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In the late seventh century, in a dispute over whether the

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In the late seventh century, in a dispute over whether the [#permalink]

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New post 19 Dec 2003, 11:36
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In the late seventh century, in a dispute over whether the Prophet Muhammad's son-in-law, Ali, should carry on as the fourth caliph, Muhammad's successor, Islam split into two branches, the Sunnis and the Shiites.

(A) over whether the Prophet Muhammad's son-in-law, Ali, should carry on as the fourth caliph, Muhammad's successor
(B) over if Ali, the Prophet Muhammad's son-in-law, was going to carry on and be the fourth caliph, Muhammad's successor
(C) over whether Ali, the Prophet Muhammad's son-in-law, was going to carry on and be the fourth caliph, Muhammad's successor
(D) as to whether the fourth caliph, Muhammad's successor, is to be the Prophet Muhammad's son-in-low, Ali
(E) concerning if the fourth caliph, Muhammad's successor, was to be the Prophet Muhammad's son-in-law, Ali
[Reveal] Spoiler: OA

Last edited by broall on 30 May 2017, 09:21, edited 1 time in total.
Reformatted question, OA added

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Re: In the late seventh century, in a dispute over whether the [#permalink]

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New post 19 Dec 2003, 11:49
A
islam split over "Prophet Muhammad's son-in-law" 'S appointment not on ali's.. furthermore, 'muhammad' in the opening sentence modifies 'muhammad' in the succeeding

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Re: In the late seventh century, in a dispute over whether the [#permalink]

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New post 19 Dec 2003, 12:21
A

Gmat language explanation ...

- 'dispute over' is the corect idiom.
- 'whether' shall beat 'if' most of the times.
- 'was' cannot come here, 'should' is correct.

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Re: In the late seventh century, in a dispute over whether the [#permalink]

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New post 22 Aug 2010, 10:36
b/w A and C

in c should carry on and be fourth khalifah is contradictory

so ans shld be A

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Re: In the late seventh century, in a dispute over whether the [#permalink]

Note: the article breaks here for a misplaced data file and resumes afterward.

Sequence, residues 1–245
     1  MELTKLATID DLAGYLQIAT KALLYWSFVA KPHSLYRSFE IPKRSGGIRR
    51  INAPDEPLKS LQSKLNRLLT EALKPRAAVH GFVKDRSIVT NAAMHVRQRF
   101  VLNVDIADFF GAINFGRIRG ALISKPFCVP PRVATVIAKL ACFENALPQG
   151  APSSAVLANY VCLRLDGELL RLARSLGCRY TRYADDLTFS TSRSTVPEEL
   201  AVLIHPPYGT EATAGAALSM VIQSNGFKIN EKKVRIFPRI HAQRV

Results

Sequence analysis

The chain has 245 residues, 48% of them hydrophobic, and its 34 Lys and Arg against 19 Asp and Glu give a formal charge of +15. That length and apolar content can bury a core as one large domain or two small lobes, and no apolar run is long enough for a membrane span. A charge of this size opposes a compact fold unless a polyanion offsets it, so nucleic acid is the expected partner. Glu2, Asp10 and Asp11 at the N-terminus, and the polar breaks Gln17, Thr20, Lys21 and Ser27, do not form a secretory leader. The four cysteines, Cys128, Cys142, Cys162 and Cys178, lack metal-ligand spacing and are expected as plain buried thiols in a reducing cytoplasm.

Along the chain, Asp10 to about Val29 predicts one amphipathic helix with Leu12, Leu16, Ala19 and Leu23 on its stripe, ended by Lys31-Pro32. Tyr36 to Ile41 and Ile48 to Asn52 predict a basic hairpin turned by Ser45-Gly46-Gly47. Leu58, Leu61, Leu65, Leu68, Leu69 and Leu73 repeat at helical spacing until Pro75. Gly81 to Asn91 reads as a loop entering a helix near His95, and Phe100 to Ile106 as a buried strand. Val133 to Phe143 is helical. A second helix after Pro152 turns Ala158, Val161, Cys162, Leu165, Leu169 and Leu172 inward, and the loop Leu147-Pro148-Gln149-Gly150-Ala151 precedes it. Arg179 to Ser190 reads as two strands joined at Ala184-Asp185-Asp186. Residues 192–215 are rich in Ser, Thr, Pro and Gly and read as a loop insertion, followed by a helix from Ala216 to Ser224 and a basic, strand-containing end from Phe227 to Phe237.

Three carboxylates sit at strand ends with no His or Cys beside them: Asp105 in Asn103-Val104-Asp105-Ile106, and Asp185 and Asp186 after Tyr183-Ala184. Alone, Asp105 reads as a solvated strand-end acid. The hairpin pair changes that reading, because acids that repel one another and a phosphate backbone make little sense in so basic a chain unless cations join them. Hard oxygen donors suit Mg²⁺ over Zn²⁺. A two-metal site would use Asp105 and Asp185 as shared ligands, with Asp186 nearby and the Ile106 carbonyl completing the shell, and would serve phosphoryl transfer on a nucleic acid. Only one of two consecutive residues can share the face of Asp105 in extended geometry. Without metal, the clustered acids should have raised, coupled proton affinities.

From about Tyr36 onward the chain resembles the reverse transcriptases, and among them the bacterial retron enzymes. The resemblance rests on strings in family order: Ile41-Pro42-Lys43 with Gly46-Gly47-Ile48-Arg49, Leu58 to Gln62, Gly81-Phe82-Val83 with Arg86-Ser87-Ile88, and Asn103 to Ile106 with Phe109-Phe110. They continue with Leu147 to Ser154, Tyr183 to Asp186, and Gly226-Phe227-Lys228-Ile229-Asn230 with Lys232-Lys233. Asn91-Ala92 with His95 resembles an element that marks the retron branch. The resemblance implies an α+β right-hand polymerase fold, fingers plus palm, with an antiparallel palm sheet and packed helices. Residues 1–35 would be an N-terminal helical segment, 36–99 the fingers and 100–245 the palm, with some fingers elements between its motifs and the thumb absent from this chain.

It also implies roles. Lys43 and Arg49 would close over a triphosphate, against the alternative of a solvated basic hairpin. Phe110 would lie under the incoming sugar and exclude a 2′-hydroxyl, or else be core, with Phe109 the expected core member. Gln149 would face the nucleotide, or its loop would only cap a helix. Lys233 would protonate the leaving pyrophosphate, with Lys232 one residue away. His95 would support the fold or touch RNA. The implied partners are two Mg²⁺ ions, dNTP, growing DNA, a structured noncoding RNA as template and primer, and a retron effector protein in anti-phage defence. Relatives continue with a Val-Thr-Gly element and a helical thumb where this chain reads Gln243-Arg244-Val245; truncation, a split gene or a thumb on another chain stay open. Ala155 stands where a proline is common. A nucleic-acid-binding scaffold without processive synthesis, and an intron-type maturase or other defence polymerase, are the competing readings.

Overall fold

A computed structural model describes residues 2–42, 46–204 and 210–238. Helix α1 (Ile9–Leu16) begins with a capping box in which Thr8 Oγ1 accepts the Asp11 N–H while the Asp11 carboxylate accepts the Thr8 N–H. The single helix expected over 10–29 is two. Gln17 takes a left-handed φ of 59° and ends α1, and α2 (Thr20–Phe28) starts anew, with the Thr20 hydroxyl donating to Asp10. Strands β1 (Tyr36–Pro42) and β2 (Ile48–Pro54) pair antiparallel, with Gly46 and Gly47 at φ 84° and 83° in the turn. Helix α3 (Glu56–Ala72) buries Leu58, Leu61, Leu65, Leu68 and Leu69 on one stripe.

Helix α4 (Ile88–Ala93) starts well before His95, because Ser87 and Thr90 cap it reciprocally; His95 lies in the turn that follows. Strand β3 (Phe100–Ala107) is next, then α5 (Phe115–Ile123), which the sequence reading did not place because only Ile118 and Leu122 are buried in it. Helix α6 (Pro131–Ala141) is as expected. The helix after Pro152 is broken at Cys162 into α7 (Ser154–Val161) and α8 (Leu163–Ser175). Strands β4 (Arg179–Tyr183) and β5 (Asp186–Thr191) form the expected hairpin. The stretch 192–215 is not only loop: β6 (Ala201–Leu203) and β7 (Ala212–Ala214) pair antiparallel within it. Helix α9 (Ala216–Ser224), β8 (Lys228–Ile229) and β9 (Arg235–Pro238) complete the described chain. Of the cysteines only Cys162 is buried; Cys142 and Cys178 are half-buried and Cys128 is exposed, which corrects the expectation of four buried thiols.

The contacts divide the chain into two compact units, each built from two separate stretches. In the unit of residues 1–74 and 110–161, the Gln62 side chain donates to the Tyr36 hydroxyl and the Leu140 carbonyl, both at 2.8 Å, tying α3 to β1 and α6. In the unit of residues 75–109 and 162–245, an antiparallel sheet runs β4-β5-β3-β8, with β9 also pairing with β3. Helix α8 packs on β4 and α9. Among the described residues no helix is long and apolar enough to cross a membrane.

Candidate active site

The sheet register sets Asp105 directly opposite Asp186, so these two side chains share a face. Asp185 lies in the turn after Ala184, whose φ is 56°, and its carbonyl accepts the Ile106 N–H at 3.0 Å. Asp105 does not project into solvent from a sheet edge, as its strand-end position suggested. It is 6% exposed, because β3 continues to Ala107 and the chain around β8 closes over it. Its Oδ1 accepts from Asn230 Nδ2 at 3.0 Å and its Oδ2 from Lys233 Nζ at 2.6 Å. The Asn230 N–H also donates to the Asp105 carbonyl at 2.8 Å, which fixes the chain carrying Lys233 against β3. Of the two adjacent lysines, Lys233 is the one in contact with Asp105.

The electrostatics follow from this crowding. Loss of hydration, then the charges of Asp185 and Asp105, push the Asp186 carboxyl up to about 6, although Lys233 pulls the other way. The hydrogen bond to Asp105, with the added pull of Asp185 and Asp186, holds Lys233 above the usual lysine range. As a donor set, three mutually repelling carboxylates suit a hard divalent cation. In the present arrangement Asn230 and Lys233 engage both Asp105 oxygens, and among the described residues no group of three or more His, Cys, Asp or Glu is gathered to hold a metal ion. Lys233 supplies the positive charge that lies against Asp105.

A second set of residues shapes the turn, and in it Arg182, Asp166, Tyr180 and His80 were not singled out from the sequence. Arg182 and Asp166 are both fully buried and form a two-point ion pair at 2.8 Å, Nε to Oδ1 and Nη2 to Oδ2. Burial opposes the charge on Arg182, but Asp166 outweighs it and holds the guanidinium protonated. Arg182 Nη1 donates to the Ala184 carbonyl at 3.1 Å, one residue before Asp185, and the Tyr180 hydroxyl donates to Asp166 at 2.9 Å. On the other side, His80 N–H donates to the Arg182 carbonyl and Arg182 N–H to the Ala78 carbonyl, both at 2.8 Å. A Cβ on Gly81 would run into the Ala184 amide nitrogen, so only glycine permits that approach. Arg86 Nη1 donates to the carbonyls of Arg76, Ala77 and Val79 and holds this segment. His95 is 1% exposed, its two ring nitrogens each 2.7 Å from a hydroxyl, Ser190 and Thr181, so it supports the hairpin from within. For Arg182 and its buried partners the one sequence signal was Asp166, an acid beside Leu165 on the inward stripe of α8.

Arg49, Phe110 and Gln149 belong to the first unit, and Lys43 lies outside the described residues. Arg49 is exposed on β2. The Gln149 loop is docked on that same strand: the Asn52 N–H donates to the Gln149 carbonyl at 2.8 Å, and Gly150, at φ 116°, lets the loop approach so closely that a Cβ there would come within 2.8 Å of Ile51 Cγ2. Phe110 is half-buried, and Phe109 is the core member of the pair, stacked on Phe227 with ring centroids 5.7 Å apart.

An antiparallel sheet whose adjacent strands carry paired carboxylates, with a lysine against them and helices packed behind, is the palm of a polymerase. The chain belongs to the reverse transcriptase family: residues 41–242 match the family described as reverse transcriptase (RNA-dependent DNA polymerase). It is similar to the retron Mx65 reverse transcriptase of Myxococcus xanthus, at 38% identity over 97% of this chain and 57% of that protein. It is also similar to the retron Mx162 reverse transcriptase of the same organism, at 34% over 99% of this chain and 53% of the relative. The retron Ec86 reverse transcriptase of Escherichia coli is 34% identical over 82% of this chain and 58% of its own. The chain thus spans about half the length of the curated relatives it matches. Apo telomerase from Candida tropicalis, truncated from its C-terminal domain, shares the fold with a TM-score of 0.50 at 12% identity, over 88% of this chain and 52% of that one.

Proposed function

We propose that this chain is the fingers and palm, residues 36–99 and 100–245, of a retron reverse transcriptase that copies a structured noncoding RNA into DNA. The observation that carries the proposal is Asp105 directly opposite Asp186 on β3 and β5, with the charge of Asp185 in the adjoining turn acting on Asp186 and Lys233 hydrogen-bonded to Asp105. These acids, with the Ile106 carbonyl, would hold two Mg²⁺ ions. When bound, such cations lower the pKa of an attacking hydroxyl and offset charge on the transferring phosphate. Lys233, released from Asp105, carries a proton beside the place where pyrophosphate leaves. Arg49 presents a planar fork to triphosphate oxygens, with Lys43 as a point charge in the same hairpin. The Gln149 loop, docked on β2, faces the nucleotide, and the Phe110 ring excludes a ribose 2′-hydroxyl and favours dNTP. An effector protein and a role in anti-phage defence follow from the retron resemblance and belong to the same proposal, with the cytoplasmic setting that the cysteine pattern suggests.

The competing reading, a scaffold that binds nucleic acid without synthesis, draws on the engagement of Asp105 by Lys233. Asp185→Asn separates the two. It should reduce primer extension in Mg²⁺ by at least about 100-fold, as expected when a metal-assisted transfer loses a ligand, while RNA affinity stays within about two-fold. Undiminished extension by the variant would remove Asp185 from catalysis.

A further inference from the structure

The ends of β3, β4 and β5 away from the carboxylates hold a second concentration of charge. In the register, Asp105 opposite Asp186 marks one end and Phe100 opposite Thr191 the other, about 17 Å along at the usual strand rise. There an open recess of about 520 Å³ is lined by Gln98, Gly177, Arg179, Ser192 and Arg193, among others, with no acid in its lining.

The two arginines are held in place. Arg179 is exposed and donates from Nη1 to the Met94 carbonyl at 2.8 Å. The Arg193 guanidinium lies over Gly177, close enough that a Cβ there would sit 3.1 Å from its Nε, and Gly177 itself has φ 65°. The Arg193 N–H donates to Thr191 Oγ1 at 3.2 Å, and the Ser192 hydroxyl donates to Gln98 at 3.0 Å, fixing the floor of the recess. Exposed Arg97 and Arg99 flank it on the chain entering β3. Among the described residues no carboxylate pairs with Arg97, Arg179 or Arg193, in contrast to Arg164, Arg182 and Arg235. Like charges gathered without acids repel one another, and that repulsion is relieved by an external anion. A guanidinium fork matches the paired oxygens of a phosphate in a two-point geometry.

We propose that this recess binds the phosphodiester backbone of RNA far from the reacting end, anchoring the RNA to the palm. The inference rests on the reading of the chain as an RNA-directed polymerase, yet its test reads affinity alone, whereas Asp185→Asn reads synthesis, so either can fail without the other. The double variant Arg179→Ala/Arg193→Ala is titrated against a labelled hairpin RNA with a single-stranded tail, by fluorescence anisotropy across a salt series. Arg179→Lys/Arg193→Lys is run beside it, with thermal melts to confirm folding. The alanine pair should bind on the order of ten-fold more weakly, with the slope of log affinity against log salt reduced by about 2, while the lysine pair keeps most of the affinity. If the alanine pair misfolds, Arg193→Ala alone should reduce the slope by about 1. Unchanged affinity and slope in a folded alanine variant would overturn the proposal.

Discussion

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New post 23 Apr 2014, 10:00
Dispute over is correct idiom

Nough' said

A

Hope this helps
Cheers!
J :)

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Re: In the late seventh century, in a dispute over whether the [#permalink]

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New post 25 Jun 2016, 05:41
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In the late seventh century, in a dispute over whether the [#permalink]

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New post 30 May 2017, 08:48
stolyar wrote:
In the late seventh century, in a dispute over whether the Prophet Muhammad's son-in-law, Ali, should carry on as the fourth caliph, Muhammad's successor, Islam split into two branches, the Sunnis and the Shiites.

(A) over whether the Prophet Muhammad's son-in-law, Ali, should carry on as the fourth caliph, Muhammad's successor
(B) over if Ali, the Prophet Muhammad's son-in-law, was going to carry on and be the fourth caliph, Muhammad's successor
(C) over whether Ali, the Prophet Muhammad's son-in-law, was going to carry on and be the fourth caliph, Muhammad's successor
(D) as to whether the fourth caliph, Muhammad's successor, is to be the Prophet Muhammad's son-in-low, Ali
(E) concerning if the fourth caliph, Muhammad's successor, was to be the Prophet Muhammad's son-in-law, Ali


Hello mikemcgarry

Could you tell me why C is wrong in above sentence. I was able to eliminate B, D and E. But i got stuck between Option A and C. I selected C because A says "....dispute over whether....should...". I thought "should" should not be used with whether(decision word).

Could you please clear my understanding.

Regards,
Ammu

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In the late seventh century, in a dispute over whether the [#permalink]

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New post 30 May 2017, 11:42
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ammuseeru wrote:
stolyar wrote:
In the late seventh century, in a dispute over whether the Prophet Muhammad's son-in-law, Ali, should carry on as the fourth caliph, Muhammad's successor, Islam split into two branches, the Sunnis and the Shiites.

(A) over whether the Prophet Muhammad's son-in-law, Ali, should carry on as the fourth caliph, Muhammad's successor
(B) over if Ali, the Prophet Muhammad's son-in-law, was going to carry on and be the fourth caliph, Muhammad's successor
(C) over whether Ali, the Prophet Muhammad's son-in-law, was going to carry on and be the fourth caliph, Muhammad's successor
(D) as to whether the fourth caliph, Muhammad's successor, is to be the Prophet Muhammad's son-in-low, Ali
(E) concerning if the fourth caliph, Muhammad's successor, was to be the Prophet Muhammad's son-in-law, Ali


Hello mikemcgarry